In response to The Daily Post’s writing prompt: “The Perfect Game.”
So I may have deviated slightly from the given assignment, but I hope you enjoy it nonetheless.
This story is set in the dead of winter, in turn-of-the-century North-Eastern Europe, on a very dark night. Lars had never been good at being a family man. In fact, he was anything but. He worked in the textile trade, which meant long trips to southern Europe and the far east, and only rarely he saw his wife and two children. He didn’t miss them much, in fact, he enjoyed the freedom to roam and make his own decisions. The fine silks made him dream of a better life and he was always in the search for something more.
This evening he took his seat at the bar, shifting his heavy weight onto the rather unsteady barstool. He was always on the lookout for a bit of gambling, certain he could make his own luck, and tonight was no different. The crew of soldiers that had stumbled in grew louder with the drink, and he overheard talk of a card game. This was his chance, nothing was easier to beat than a drunken soldier in the company of his own men – off guard.
He’d wormed his way into far more challenging evenings before, and soon he was sitting at the table, and took the cards that were dealt. A few rounds of whiskey gave him courage, and even though his golden coins were dwindling in his money belt, his luck did not seem to desert him tonight. And yet, as all games of luck unfold, the dark side of the coin was showing its face. He thought one more game would change every thing, and tomorrow would be market day. He would make it all back. He kept playing to his doom. Soon he was waging more than his money belt, hoping to take loans from the bar’s customers. I’ve got the finest silks! he slurred to his neighbour on his left, a fine elderly gentleman, whose gold-rimed coat set him apart from the soldiers.
What else have you got? As the evening wore on, Lars wagered his house, his load of textiles, his soul and finally his daughter. If he lost, she would marry the fine gentleman. It would never come to that though, as his luck was set to turn. He ordered more whiskey and joined in the singing.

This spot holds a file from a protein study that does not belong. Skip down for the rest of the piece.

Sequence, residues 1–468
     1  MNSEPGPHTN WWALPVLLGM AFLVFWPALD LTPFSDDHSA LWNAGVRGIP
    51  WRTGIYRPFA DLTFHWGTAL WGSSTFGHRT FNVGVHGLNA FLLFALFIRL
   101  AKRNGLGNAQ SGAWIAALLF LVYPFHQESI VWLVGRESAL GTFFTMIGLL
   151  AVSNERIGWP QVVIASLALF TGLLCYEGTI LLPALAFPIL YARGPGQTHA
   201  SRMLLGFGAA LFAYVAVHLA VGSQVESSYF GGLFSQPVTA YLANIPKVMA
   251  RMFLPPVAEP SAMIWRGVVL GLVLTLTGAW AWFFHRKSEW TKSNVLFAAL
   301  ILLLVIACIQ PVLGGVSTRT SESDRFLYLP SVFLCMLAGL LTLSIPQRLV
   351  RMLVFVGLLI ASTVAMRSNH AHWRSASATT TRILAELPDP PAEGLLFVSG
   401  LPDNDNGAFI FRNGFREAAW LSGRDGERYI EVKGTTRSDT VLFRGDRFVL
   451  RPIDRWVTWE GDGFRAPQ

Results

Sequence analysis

The gentleman had a grave look on his face. “I should be overcome by joy. I have wandered the earth for years, hoping to find some heartless soul that is fit to take my place. And I wouldn’t feel this overcome with sadness, if I didn’t know what awaits you. You wanted a bigger life, and were willing to give away all the riches you possessed. You made a bargain with the devil, as I had years ago. Now you must go live with him, and roam the nights until you find someone willing to wager his own soul for the luck of a card game. He reached for the large gold chain around his neck and lowered it over Lars’ head. It was heavier than it looked. At the end of it, hanging over Lars’ sternum, was a key. This leads to hell my friend, welcome.”
Dumbfounded Lars turned to the gentleman, as he left. Where will you go now?
“Me? I’m off to enjoy the little I had before. You will soon understand how much it means to me now.” And with that, he disappeared into the snowy night.
People have this incredible capacity to surprise you, to make you wonder. This of course, can go both ways. At times, disappointment takes over and you ask yourself how you could not see someone for who they are. And these moments usually stand out in a negative way, long after that person is out of your life. Friendships drift apart, sometimes for no real reason other than the fact that you have less in common than before.